18 December 2006

Introducing Myself

Hi there, I'm Jonathan. First of all, I would like to thank Keith for inviting me to be a part of this blog. I think it is an honor to be offered the opportunity to post on here with him and Mylan. Keith has not only been my favorite Philosophy professor that I have studied under during the course of my college experience, but my favorite professor in general. I admire him both for his patient and clear way of conveying material, and for the humble manner in which he equates himself to God.

I was a Biology major for two and a half years before I finally got the courage to take the plunge and switch to Philosophy, though I had been taking Philosophy courses since my first semester. I had a strong interest in science because of its reliance on reason and skepticism, which struck me as very good tools for truth seeking (which is ultimately what I am interested in). When I came across Philosophy, I immediately saw that it was the tree from which the branch of science had grown. Philosophy struck me as a very powerful force, and seemed as if it was where the "real" truth seekers were. I knew fairly quickly that Philosophy was what I really wanted to study, but it took me some time to make the switch because I needed to ensure that I would be okay with the consequences of jumping in. I eventually decided that I was okay with potentially going insane, and that being poor is not necessarily a vice. So, I took the plunge.

Currently, I am very interested in social and political philosophy and ethical issues. I felt a strong sense of connection to the ideas of Peter Singer while taking Ethics from Keith. My personal perspective regarding Animal Ethics is not fully formed, which is one of the reasons why Keith and I felt it would be a good idea for me to post on here. We think it will be interesting to see how my perspective shifts as I meander through new data and material in regards to this subject.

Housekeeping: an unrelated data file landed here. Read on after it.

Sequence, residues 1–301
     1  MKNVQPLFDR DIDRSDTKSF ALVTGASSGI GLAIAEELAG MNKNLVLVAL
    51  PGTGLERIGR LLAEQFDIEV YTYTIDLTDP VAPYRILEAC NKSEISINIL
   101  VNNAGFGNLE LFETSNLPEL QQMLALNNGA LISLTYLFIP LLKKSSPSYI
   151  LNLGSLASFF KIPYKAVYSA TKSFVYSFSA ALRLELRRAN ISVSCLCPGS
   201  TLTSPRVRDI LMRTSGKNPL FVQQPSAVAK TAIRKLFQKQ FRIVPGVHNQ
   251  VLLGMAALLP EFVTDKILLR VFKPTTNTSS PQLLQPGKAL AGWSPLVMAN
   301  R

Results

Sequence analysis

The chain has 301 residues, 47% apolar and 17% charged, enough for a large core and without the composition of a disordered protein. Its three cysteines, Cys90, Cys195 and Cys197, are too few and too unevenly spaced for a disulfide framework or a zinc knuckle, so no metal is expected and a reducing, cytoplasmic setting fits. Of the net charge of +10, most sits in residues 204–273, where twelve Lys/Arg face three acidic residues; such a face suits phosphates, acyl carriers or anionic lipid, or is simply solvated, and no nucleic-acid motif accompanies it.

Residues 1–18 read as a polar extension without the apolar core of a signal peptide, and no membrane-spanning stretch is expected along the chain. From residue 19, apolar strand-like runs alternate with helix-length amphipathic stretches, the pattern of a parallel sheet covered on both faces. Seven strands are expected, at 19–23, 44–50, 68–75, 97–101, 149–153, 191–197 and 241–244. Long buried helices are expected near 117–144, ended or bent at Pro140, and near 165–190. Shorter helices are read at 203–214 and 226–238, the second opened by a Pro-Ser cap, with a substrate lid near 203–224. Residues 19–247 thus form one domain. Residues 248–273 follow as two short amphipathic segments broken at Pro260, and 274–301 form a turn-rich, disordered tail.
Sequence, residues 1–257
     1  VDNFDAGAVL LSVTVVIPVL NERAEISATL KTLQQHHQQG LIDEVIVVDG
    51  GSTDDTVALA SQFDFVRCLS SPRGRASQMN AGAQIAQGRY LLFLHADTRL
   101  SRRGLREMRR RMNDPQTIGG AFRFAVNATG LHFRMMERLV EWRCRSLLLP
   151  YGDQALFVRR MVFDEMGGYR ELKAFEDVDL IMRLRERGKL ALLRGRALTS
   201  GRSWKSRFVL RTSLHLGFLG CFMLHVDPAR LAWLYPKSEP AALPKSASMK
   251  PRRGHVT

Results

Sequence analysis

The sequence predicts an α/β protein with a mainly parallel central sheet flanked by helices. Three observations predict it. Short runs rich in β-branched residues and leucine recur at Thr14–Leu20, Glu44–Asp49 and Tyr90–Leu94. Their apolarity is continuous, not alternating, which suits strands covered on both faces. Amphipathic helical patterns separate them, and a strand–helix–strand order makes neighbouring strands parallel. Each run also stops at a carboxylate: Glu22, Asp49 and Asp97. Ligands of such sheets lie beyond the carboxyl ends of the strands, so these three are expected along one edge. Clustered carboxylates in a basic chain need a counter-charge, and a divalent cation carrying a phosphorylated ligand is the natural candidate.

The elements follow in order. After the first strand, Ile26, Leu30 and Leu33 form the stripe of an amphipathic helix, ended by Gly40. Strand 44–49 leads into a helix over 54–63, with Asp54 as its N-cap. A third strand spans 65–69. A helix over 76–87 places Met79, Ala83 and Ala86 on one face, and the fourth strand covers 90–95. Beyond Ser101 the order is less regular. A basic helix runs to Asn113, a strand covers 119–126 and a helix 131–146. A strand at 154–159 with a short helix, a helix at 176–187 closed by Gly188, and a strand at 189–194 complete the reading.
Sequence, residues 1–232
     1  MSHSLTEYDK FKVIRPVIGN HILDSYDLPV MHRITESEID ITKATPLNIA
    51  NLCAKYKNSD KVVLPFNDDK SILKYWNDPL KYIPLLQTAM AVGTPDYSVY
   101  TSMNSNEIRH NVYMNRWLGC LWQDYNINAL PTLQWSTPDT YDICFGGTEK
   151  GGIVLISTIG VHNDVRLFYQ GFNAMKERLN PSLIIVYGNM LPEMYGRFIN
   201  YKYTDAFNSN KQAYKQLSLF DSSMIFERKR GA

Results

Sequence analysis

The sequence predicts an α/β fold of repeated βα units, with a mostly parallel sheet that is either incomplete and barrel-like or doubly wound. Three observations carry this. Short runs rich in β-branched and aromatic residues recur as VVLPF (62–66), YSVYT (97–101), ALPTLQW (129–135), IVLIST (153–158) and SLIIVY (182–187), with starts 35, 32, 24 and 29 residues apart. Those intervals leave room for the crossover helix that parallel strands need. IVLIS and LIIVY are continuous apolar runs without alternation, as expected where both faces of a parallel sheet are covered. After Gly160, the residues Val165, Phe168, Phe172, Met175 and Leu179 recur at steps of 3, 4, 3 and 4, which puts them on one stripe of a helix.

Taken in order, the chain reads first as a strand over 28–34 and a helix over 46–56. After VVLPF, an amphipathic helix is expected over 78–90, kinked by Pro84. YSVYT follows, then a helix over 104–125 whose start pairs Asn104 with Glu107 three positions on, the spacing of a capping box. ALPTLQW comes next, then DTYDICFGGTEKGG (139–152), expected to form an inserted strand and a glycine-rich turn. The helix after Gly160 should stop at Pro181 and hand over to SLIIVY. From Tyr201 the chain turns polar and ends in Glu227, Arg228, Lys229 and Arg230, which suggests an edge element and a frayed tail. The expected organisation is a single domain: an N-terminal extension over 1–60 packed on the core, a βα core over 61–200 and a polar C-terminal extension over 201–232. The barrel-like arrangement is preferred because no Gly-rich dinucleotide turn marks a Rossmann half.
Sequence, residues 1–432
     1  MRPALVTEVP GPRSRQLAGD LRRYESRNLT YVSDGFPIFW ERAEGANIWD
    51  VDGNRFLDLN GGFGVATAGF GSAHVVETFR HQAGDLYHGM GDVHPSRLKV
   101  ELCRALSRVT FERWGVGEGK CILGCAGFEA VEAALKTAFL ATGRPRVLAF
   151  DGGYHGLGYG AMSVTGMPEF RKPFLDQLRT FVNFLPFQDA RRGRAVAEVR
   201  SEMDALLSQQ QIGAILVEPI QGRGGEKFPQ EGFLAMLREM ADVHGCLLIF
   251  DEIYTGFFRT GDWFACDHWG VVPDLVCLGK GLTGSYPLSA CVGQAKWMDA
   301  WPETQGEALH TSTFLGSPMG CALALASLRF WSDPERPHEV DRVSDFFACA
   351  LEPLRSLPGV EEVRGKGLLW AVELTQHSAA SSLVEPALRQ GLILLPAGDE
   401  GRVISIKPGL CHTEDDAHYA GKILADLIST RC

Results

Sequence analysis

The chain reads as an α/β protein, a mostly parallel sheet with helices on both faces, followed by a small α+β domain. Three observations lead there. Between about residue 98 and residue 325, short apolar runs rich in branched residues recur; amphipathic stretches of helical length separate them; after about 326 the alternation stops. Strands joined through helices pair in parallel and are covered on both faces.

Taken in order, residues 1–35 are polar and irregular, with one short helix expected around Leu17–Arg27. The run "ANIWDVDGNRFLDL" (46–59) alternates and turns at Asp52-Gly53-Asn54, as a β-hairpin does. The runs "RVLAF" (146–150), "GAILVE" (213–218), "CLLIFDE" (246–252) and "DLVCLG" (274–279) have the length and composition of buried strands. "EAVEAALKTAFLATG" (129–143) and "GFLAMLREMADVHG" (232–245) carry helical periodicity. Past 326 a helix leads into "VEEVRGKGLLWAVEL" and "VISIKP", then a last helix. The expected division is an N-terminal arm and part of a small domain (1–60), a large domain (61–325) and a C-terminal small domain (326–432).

I have always felt a sense of connection to animals since as far back as I can remember, and the current manner in which they are treated in factory farms disturbs me. I find animals to be valuable for a number of reasons, one of which is for their aesthetic value. There are some personal anecdotes I plan on sharing on this site that range from my most recent experience of getting trapped on a hunting trip with my relatives, to an early memory I have of experiencing empathy for the first time with my dog Tabatha.

Currently, I do not believe that killing an animal is prima facie morally wrong. I simply believe that when animals are killed it ought to be for a good purpose, and in a manner that is respectful to their capacity to suffer. I do not believe that the current factory farm system in place lives up to both of those standards. Also, I am not a vegetarian, though I attempted to be one last year (an experience I plan on posting about). I believe it will be interesting to see if these characteristics about me change, and how they change, in exploring Animal Rights issues more. I can sense that one of the arguments I will be coming into contact with soon that will challenge me is the idea that the killing of animals is not necessary due to the availability of alternative, nutritious food sources, and therefore all suffering on the part of the animal killed is done merely for preference in taste. I think this is a very powerful moral argument that is compelling to anyone who gives animals moral consideration. Aside from moral issues, I have also been learning more about how vegetarian diets are actually much healthier for humans in many ways—which I find very encouraging.

Anyway, there are lots of different angles out there on this issue, and I respect and care about animals enough to explore all of them with sincerity.

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